There are also numerous State and County agencies that plan and implement similar resource management projects (e.g. timber sales, resource restoration projects, road classification, etc) that have the same potential to impact the NCT. These are tougher because the agencies differ in how they notify the public in advance of the project and how readily they accept our input.

Working on significant projects or events.

Another work crew with the regional trail coordinatorThree good examples of this are:

– My coordination of the Legacy grant-funded trail development project in the Laurentian Lakes Chapter’s trail section. This involved working with our agency partners, the National Park Service, NCTA Headquarters, and the Chapter to all keep things moving forward.

– My involvement in the planning of the 2014 Minnesota Hiking Celebration event in Duluth and, specifically, the promotion of the event within the region.

– My work on the NCT’s Arrowhead Re-route effort (part of the North Country National Scenic Trail Route Adjustment legislation that we’ve been pursuing for the last 10 years). I have been working with local units of government to obtain their support and also to encourage people (through our Chapters and partners in like-minded organizations) to contact their Representative and Senators and ask for their support for H.R. 799 / S. 403.

Providing Chapter & affiliate support in my region

A majority of my time is spent supporting the work of our Chapters and Affiliate partners – including the Border Route Trail Association and Superior Hiking Trail Association. The exact details of my role varies by Chapter/Affiliate but can include things like facilitating trail planning, conducting community outreach / marketing, planning and hosting events, volunteer management, etc.

Matt Davis enjoying lunch with volunteersAnswering specific public questions about the NCT

I routinely get questions about certain segments of the NCT within my region. I do my best to provide the answers to hikers’ questions – either by sharing my knowledge or by passing the questions onto the appropriate individuals for their response. In general, awareness and use of the NCT is low so I take every opportunity to help encourage trail users to get out there onto the NCT and to have a good experience so they will share with their friends.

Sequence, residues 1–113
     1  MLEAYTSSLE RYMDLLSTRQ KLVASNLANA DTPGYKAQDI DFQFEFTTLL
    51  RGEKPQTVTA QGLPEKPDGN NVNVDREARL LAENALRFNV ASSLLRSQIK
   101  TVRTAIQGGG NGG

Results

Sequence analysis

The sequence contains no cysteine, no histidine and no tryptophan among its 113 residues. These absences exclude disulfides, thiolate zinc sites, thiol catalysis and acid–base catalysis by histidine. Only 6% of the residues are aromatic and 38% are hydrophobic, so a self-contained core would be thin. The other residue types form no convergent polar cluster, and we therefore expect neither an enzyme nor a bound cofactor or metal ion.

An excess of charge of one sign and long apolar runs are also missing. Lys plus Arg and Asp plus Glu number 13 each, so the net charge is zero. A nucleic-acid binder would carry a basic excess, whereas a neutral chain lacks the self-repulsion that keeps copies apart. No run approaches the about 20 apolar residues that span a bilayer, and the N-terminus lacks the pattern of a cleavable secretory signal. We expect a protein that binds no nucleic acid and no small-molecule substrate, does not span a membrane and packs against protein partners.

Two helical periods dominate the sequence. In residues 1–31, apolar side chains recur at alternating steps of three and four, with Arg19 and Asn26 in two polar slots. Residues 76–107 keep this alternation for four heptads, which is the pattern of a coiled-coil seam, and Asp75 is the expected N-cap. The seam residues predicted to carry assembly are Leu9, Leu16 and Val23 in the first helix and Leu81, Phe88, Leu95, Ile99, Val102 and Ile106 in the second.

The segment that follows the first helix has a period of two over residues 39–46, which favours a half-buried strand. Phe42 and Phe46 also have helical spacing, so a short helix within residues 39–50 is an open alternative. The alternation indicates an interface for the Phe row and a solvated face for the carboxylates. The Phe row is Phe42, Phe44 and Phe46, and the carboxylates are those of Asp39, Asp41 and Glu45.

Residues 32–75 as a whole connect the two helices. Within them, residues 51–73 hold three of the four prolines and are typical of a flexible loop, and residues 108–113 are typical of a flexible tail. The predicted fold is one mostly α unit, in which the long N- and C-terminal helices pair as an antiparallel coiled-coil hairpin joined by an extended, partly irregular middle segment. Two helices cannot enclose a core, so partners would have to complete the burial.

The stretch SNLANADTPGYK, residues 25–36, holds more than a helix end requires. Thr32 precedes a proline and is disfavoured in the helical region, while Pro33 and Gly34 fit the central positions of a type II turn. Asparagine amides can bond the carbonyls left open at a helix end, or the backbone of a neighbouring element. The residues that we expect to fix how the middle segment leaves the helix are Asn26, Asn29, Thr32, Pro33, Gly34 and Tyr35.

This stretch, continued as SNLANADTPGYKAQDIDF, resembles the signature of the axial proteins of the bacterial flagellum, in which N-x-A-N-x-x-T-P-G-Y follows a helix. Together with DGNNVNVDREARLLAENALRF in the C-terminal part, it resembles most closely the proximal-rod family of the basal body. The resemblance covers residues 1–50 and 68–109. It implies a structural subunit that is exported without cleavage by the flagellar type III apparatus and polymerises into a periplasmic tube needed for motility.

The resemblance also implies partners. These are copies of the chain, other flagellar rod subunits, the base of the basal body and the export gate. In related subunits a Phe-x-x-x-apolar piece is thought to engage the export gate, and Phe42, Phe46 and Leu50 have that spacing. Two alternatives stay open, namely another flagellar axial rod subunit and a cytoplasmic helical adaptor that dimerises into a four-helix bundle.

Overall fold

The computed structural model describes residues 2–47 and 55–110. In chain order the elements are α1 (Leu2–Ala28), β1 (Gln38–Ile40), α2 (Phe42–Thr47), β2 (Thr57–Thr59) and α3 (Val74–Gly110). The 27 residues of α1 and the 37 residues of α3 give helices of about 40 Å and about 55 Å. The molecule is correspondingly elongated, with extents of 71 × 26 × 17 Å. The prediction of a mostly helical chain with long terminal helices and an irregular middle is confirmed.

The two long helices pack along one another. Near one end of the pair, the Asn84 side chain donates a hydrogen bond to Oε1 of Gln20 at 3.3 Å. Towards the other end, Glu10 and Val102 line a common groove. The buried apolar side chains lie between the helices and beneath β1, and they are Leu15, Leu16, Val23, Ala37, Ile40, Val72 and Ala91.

Just this past week, I was lucky to lead a small trail crew that mowed the NCT within Lonetree Wildlife Management Area and part of the NCT within the Sheyenne National Grassland in North Dakota. This work was vital because we don’t have a Chapter at Lonetree and the Dakota Prairie Chapter is focusing its volunteers’ attention on the new trail outside of the Grassland.

Help us build trail with the beavers!

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The beaver is probably the most common animal our trail workers and trail users see evidence of when they are out on the trail.Beaver Tale cover complete

Nocturnal by design, the beaver is not an animal you see very often but you sure know where they’ve been. And sometimes the evidence of where they’ve been is the very reason you are now walking on the trail in a foot of water!

Beaver problems can surface quickly, ruining the hiking experience.

In some cases rising water can make the trail impassable and put the long distance hiker at risk, or at the very least, significantly inconvenienced.

On the North Country Trail we think beaver country is some of the most beautiful hiking along the trail and we’d prefer to not miss it!

So we work with the beaver.

Watching what they do, we gently build our trail “through” their habitat and “over” their handiwork.

Hiking, North Country Trail, Beavers

Building solutions in beaver country in MN.

That way our hikers, bird watchers and scout groups can have a great hike AND see some amazing beaver country. And if they are really lucky, they might get to see one of our buck-toothed friends.

Planning, building and maintaining the North Country Trail corridor through beaver country takes time and a lot of resources. All seven trail states have very active beaver communities and require regular monitoring and diligent maintenance.

Working with our beavers is an annual challenge.

Your generous gift of support will allow us to make sure we can keep providing a high quality hiking experience through beaver country in all seven states. Please make a gift today.



Click an image below to view the Beaver Tale on the North Country Trail in the Chippewa National Forest (all photos taken by Matt Davis).